Neto, E. G. B. S. & Ferreira, J. R. Estudo anatómico da origem e distribuicao dos ramos corticais das arterias cerebrais caudais do encéfalo do macaco-prego (Cebus apella L., 1766). Acta Sci, 24:639-46, 2002.        [ Links ]

Oliveira, A. S.; Ferreira, J. R. & Blumenschein, A. R. Estudo anatómico do modelo arterial de vasos responsáveis pelo aporte sanguíneo da glándula submandibular de primatas neotropicais (Cebus apella, Linnaeus, 1766). Acta Sci, 22:513-9,2000.        [ Links ]

O'Rahilly, R. Anatomía humana básica. Rio de Janeiro, Interamericana, 1985.        [ Links ]

Ottoni, E. B.; Resende, B. D.; Mannu, M.; Aquino, C. M. C; Sestini, A. E. & Izar, P. Tool use, social structure, and information transfer in capuchin monkeys. Adv. Ethol, 36:234, 2001.        [ Links ]

Paiva, M. J. A. F D. Causas e ConseqUencias da encefalizagao nos hominídeos. Departamento de Antropologia da Universidade de Coimbra., 1998.        [ Links ]

Perondi, M. A. M.; Izar, P & Ottoni, E. B. Uso de ferramentas por macacos-prego (Cebus apella) em condicoes de semi-cativeiro: Observacoes preliminares. Anais Etol, 13:416, 1995.        [ Links ]

Resende, B. D. & Ottoni, E. B. Brincadeira e aprendizagem do uso de ferramentas em macacos-prego (Cebus apella). Estud. Psicol., 7:173-80, 2002.        [ Links ]

Resende, M. C; Tavares, M. C. H. & Tomaz, C. Ontogenetic dissociation between habit learning and recognition memory in capuchin monkeys (Cebus apella). Neurobiol. Learn Mem., 79:19-24, 2003.        [ Links ]

Rylands, A. B.; Schneider, H.; Langguth, A.; Mittermeier, R. A.; Groves, C. P. & Rodriguez-Luna, E. An assessment of the diversity of new world primates. Neotrop. Primat., 8:61-93, 2000.        [ Links ]

Santini, M. E. L. Observagoes sobre o comportamento social Cebus apella em cativeiro. In: Aprimatologia no Brasil. Congresso Brasileiro de Primatologia. Brasilia, Sociedade Brasileira de Primatologia, 1983. pp.65-9.        [ Links ]

Silva, R. A. & Ferreira, J. R. Estudo das arterias cerebelares do macaco-prego. Consideracoes sobre a nomenclatura (Cebus apella L.; 1766). Braz. J. Vet. Res. Anim. Sci, 39:296-300, 2002.        [ Links ]

Silva, R. A. & Ferreira, J. R. Estudo anatómico das arterias cerebelares inferiores rastráis de macaco-prego (Cebus apella L., 1766). Primates - Cebidae. Publ. Avul. Inst. Pau Brasil, 7:13-24, 2003.        [ Links ]

Spence, A. P. Sistema muscular. In: Anatomia Humana básica. 2a. ed. Sao Paulo, Manóle, 1991.        [ Links ]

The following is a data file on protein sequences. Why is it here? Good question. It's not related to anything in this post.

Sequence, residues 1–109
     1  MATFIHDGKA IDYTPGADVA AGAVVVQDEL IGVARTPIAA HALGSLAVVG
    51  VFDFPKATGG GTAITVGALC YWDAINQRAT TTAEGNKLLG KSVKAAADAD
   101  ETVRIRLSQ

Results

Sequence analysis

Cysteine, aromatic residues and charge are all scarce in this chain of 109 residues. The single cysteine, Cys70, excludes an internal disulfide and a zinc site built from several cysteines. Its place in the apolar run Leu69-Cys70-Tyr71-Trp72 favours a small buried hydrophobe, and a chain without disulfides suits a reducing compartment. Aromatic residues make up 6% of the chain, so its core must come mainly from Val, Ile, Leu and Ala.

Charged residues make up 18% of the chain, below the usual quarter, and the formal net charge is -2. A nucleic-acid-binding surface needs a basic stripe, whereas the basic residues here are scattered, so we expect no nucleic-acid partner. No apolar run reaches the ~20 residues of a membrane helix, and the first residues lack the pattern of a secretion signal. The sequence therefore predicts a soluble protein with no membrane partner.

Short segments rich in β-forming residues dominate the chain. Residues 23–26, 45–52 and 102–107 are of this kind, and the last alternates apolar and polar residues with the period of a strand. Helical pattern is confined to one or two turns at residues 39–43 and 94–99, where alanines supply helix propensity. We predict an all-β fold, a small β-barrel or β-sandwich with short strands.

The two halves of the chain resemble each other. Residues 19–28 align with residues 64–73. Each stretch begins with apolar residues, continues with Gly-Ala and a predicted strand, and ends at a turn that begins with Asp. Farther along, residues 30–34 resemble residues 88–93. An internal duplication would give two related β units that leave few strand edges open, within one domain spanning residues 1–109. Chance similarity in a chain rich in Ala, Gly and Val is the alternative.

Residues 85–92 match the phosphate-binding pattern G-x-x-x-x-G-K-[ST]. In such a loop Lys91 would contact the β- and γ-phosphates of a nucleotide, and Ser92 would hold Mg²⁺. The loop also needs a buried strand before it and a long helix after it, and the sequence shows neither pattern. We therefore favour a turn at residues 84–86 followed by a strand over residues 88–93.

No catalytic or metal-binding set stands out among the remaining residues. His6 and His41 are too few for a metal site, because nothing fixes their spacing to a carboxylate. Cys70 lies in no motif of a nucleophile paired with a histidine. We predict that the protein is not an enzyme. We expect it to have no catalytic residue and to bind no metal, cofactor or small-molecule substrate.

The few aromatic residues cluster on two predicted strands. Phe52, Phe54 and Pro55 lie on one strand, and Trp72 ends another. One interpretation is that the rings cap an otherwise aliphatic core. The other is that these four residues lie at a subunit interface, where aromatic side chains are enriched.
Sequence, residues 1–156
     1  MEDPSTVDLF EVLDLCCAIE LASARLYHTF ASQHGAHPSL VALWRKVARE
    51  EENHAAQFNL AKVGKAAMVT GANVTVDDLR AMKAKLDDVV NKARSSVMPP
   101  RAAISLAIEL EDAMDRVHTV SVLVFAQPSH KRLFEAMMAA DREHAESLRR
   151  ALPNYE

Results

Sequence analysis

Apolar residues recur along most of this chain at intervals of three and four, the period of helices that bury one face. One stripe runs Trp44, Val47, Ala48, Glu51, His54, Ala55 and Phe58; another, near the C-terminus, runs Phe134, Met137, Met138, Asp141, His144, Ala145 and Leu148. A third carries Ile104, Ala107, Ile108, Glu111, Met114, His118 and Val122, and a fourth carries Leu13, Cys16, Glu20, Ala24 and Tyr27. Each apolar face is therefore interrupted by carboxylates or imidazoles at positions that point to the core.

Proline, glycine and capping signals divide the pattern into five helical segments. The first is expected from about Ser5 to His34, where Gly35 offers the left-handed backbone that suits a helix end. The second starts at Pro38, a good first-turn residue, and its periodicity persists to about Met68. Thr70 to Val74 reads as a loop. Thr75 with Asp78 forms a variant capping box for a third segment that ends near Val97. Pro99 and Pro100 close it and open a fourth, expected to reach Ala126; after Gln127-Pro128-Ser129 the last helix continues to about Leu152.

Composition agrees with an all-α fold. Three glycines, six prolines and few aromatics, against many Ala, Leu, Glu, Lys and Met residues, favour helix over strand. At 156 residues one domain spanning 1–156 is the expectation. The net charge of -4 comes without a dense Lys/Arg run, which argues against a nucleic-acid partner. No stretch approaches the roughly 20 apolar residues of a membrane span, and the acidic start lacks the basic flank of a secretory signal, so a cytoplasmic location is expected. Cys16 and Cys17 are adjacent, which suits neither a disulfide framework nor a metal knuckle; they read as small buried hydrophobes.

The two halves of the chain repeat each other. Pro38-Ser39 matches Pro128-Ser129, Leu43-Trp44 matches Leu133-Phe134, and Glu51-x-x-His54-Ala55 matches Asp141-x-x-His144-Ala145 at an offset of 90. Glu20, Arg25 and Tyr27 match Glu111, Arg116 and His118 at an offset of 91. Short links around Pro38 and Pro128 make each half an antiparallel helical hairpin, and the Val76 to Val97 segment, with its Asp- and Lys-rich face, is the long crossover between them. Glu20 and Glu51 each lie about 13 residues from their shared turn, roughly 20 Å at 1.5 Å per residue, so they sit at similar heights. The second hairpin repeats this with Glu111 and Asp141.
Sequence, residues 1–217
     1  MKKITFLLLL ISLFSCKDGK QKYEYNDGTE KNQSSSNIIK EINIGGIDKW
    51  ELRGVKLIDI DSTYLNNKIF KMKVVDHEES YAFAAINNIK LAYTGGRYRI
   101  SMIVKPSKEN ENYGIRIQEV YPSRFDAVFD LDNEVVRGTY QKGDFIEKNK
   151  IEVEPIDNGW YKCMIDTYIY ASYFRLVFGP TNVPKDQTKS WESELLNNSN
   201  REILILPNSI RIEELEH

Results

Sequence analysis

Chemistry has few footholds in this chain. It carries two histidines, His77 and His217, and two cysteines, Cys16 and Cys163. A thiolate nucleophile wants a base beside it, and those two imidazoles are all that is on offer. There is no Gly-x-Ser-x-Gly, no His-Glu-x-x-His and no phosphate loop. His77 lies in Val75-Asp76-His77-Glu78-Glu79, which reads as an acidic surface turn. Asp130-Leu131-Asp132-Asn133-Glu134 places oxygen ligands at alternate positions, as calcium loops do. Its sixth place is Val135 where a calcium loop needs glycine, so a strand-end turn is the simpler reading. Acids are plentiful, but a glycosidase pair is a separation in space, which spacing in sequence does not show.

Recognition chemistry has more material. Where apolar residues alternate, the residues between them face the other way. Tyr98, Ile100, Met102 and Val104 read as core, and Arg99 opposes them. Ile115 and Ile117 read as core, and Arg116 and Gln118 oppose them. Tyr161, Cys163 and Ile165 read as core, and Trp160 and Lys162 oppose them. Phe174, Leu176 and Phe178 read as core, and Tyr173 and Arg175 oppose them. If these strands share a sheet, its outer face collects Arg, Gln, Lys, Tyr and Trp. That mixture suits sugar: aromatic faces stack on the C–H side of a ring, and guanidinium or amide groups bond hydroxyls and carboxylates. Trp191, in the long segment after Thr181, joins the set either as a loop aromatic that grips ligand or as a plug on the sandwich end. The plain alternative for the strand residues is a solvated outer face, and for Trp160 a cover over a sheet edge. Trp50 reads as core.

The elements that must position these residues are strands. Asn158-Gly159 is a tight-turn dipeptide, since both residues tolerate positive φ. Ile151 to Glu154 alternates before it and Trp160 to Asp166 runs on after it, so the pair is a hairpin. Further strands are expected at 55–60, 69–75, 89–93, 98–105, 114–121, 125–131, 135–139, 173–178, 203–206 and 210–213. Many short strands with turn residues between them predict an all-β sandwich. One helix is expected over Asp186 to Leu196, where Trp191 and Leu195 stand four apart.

Swindler, D. R. & Wood, C. D. Superior member. In: An atlas of primate gross anatomy. Washington, University of Washington Press, 1973.        [ Links ]

Tavares, M. C. H. & Tomaz, C. A. B. Working memory in capuchin monkeys (Cebus apella). Behav. Brain Res., 131:131-1,2002.        [ Links ]

Testut, L. & Latarjet, A. Músculos do membro superior. In: Tratado de Anatomia Humana. Barcelona, Salvat, 1959.        [ Links ]

Toth, N.; Schick, K. D.; Savage-Rumbaugh, E. S.; Sevcik, R. A. & Rumbaugh, D. M. Pan the tool-maker: Investigations into the stone-tool-making and tool-using capabilities of a bonobo (Pan paniscus). J. Archaeol. Sci., 20:81-91, 1993.        [ Links ]

Visalberghi, E.; Fragaszy, D. M. & Savage-Rumbaugh, S. Comprehension of causal relations in a tool-using task by chimpanzees (Pan troglodytes), bonobos (Panpaniscus), orangutans (Pongopygmaeus), and capuchins (Cebus apella). J. Comp. Psychol., 109:52-60, 1995.        [ Links ]

Waga, I. C.; Dacier, A. K.; Pinha, P. S. & Tavares, M. C. H. Spontaneous tool use by wild capuchin monkeys (Cebus libidinosus) in the Cerrado. Folia Primatol, 77:331-44, 2006.        [ Links ]

Westergaard, G. C. & Fragaszy, D. M. The manufacture and use of tools by capuchin monkeys (Cebus apella). J. Comp. Psychol, 707:159-68, 1987.        [ Links ]

Correspondence to:

Dr. Tales Alexandre Aversi-Ferreira.
Universidade Federal de Goiás - Campus Catalao
Departamento de Enfermagem
Tel: +55 64 3441-1500
Fax: +55 64 3441-1515

Received: 08-07-2008 Accepted: 08-10-2008

Creative Commons License Todo el contenido de esta revista, excepto dónde está identificado, está bajo una Licencia Creative Commons